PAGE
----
October 11, 2011
This summer, nine boxes of Albert Baez’s personal files on his X-ray and science-education activities were donated to the Stanford University Archives, due in part to my writing today’s SLAC news article on Kirkpatrick-Baez mirrors.
When I came to SLAC in April as a casual employee to help during a staff transition in the communications department, my first assigned story was to describe the activities at the Linac Coherent Light Source during its two-month shutdown. One task was the installation of a super-accurate K-B mirror system in the Coherent X-Ray Imaging instrument. Someone told me Kirkpatrick and Baez had designed that type of mirror at Stanford back in the 1940s.
My mother is an oral historian, and I’m always interested in knowing the history of whatever I write about. After a little research, I proposed writing another SLAC news story at a later point about the development of K-B mirrors, from their invention at Stanford to their importance to X-ray research that is burgeoning here and around the world.
Out of the blue, I recalled that I’d actually met Baez in the mid 1990s, when I was a science writer at IBM’s Almaden Research Center in San Jose. IBM physicist George Castro was collaborating with Baez, and Castro had brought Baez to my office. I thought it was mighty interesting that Joan Baez’s father was a noted X-ray physicist, but the collaboration itself was not newsworthy. So our pleasant introduction back then stopped there.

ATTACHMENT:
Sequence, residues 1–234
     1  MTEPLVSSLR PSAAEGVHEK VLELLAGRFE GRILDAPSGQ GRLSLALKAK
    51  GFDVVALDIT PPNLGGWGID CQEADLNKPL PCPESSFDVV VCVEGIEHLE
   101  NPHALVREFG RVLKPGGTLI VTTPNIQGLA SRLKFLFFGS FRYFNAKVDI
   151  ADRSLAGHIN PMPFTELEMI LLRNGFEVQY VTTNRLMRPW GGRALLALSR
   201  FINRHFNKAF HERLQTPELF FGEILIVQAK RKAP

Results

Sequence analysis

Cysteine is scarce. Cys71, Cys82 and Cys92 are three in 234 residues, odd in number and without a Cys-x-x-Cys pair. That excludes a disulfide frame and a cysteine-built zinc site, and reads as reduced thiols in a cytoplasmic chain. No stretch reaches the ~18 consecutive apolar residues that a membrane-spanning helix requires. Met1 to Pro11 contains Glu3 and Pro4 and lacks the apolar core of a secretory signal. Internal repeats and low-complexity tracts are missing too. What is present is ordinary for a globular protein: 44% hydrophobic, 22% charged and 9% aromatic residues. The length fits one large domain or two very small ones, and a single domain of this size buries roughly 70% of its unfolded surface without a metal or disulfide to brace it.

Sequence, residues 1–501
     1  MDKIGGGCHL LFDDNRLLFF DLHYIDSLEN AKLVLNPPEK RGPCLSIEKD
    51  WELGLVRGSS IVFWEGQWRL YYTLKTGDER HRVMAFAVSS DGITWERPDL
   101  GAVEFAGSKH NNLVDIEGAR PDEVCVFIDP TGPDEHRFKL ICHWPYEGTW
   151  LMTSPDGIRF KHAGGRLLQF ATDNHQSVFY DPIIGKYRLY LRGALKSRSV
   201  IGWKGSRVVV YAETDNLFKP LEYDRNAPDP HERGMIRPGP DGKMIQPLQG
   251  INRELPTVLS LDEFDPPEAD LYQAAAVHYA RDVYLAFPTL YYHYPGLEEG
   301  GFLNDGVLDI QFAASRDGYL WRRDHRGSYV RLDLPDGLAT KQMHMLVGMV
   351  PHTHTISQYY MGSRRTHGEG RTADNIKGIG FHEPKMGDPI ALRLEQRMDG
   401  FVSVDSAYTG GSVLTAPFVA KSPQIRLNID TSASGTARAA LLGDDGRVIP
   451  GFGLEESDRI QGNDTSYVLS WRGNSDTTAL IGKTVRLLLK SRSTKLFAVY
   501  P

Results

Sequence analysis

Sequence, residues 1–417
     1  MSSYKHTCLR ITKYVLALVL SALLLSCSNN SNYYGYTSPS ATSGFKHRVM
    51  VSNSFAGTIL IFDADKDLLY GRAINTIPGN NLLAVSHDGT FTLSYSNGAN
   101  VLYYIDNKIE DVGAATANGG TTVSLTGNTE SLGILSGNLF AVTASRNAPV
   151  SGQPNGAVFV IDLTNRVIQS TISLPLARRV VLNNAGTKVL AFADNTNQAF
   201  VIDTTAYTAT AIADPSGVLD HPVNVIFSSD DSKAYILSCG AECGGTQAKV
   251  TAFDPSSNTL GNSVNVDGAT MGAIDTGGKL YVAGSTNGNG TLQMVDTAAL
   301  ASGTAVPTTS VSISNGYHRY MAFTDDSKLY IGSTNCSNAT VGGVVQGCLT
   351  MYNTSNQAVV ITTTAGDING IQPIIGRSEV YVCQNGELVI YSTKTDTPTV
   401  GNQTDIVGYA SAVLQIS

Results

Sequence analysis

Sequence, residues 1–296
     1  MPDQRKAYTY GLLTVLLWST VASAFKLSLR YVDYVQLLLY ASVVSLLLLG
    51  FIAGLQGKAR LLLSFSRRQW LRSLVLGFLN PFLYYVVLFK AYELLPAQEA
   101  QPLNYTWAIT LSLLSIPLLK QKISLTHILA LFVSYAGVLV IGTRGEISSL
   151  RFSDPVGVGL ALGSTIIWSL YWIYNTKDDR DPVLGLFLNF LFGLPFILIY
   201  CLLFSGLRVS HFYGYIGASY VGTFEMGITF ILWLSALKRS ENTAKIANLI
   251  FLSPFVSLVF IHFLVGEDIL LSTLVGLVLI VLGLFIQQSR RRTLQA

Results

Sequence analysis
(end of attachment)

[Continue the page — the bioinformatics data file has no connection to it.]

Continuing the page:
That is, until I returned to Almaden in early June for IBM's centennial celebration. After the formal event, I happened to see Castro, who had since served as a dean at San Jose State University and retired. I excitedly told him of my upcoming K-B mirror story and how delighted I was that he had introduced me to Baez so many years earlier.
“Funny you should mention Baez,” Castro replied. “I happen to have nine boxes of his X-ray research files and papers that his nephew gave me after Dr. Baez died in 2007, and I don’t know what to do with them. Can you help me find a suitable place for them?”
The next day I contacted SLAC archivist Jean Deken, and she recommended that I contact the Stanford archives. Some 22 manuscript boxes of Baez’s later correspondence, related to environmental policy, already resided at the Hoover Institution. But Deken and I both thought Stanford was a better repository for his scientific materials. After exchanging a few notes, University Archivist Daniel Hartwig told us, “I'd be happy to receive the material.”
I helped Castro inventory the boxes and borrowed a few items to read for my SLAC news article. One of my favorites is a notebook entry dated June 25, 1947, that says, “Began thinking about elliptical reflection,” foreshadowing the mirror shape used by nearly all K-B mirrors today. Castro reveled in seeing some of the world’s first X-ray zone plates, which Baez pioneered in 1961 and had placed into a few file folders. Castro even bought new archival storage boxes to replace the files’ old, worn cardboard containers.
Shortly after lunch on July 7, Castro backed his pickup truck up to the loading dock of Stanford's Green Library and transferred the boxes onto a cart wheeled out by Hartwig. Baez’s X-ray files had found a permanent home.